Jazz - Then and Now (Chapter 6, page 2 of 8)


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Chapter 6

Ragtime's rapid success and popularity were helped by the national distribution of printed sheet music, which was primarily written for piano. Black piano players traveling throughout the south and mid-west played ragtime in saloons, dance halls and bordellos. Later, due to public interest, music publishers printed special arrangements for both dance bands and marching bands. In addition, piano rolls of ragtime music were recorded for home player-pianos.

A ragtime composition takes on the same form as that of a march. It usually starts out with a four bar introduction and is followed with four themes. The trio, as in the march, is introduced with either a two or four bar modulation leading into the sub-dominant key. Like the march, ragtime is mainly written in 2/4 or 4/4 time. 2/4 time has two beats to a bar and 4/4 time has four beats to the bar. Then around the early part of the 1900s, waltz music in ragtime was written in 3/4 time.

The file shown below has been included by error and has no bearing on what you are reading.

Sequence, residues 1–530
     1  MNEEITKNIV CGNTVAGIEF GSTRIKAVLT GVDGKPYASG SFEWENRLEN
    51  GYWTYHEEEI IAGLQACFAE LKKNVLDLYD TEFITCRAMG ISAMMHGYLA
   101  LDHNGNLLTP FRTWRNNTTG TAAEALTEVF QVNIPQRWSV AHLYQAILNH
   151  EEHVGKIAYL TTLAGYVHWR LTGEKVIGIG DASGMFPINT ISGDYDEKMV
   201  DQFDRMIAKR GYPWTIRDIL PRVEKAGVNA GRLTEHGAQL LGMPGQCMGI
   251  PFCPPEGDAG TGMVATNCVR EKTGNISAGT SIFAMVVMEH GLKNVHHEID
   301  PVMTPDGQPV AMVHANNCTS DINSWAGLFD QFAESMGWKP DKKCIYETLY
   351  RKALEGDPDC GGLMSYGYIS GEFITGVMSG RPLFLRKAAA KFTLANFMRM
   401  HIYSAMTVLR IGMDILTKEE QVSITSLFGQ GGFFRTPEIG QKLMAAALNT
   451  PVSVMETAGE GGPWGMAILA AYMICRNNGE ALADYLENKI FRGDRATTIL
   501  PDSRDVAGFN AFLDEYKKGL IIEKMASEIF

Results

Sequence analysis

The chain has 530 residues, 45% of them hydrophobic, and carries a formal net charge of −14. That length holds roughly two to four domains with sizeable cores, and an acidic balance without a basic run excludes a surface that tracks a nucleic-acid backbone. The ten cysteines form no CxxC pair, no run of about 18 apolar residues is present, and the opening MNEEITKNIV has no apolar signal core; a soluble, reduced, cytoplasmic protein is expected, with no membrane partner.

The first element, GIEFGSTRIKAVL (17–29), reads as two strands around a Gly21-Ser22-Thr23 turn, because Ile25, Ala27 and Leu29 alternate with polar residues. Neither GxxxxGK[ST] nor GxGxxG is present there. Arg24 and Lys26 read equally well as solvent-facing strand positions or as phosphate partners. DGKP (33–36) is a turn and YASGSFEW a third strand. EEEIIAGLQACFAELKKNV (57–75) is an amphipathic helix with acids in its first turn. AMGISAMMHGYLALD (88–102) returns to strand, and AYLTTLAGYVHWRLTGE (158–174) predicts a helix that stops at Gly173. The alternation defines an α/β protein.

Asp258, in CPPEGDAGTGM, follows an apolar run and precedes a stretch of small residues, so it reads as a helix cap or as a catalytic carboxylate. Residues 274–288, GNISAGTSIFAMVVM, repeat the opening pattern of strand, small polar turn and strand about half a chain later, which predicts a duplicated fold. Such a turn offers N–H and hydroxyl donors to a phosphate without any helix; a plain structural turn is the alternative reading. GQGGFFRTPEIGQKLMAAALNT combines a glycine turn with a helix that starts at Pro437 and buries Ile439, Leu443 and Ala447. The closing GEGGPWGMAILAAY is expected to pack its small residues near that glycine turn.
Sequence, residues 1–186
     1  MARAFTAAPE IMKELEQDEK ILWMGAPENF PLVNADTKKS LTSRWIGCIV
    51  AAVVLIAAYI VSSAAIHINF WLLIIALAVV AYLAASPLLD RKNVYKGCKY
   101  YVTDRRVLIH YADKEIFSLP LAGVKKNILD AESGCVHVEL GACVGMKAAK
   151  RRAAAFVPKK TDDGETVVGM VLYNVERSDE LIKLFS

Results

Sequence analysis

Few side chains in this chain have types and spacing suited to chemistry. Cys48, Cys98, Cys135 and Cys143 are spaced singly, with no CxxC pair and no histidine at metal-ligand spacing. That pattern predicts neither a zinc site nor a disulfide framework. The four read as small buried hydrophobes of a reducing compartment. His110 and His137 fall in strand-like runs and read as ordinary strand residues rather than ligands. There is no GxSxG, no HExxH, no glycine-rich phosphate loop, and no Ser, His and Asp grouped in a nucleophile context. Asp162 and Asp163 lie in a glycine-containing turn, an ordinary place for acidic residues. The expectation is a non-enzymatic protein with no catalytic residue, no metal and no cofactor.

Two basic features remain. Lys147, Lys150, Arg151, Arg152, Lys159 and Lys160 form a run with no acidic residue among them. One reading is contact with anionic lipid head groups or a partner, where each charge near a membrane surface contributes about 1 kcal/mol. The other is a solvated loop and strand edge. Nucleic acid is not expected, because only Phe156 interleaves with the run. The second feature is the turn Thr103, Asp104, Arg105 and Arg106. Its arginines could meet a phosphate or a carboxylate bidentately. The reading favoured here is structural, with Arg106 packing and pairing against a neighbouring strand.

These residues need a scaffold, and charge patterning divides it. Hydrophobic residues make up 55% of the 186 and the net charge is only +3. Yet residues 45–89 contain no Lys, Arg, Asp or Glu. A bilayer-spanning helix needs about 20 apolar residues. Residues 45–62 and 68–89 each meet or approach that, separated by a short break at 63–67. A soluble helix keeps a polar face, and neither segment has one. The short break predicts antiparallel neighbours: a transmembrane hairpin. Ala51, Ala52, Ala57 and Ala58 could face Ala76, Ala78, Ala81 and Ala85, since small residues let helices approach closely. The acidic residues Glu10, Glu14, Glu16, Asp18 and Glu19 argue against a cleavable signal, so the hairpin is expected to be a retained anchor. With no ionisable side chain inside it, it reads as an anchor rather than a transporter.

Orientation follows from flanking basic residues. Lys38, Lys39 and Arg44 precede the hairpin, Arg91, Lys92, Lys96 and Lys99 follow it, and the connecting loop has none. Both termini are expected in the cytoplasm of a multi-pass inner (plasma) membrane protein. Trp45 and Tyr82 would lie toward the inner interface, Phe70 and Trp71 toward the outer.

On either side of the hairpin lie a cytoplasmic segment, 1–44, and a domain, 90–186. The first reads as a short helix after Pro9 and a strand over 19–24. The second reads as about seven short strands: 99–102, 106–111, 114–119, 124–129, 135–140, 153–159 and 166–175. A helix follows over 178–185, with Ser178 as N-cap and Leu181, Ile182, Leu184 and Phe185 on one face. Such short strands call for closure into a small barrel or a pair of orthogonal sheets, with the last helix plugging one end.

Billy Kersands was the most popular minstrel star and the highest paid black entertainer of the era, earning as much as one hundred dollars a week---a lot of money in the 1870s and 1880s. Kersands was a comedian who enjoyed entertaining the public. But his real forte was dancing. He was credited as being the first dancer to introduce the "soft-shoe" dance, and the "buck and wing." He was also instrumental in introducing the African-American "clog-dance." Then came his development of the "cake-walk," followed by the "turkey-trot," the "bunny-hop," the "camel-walk" and the "kangaroo dip."

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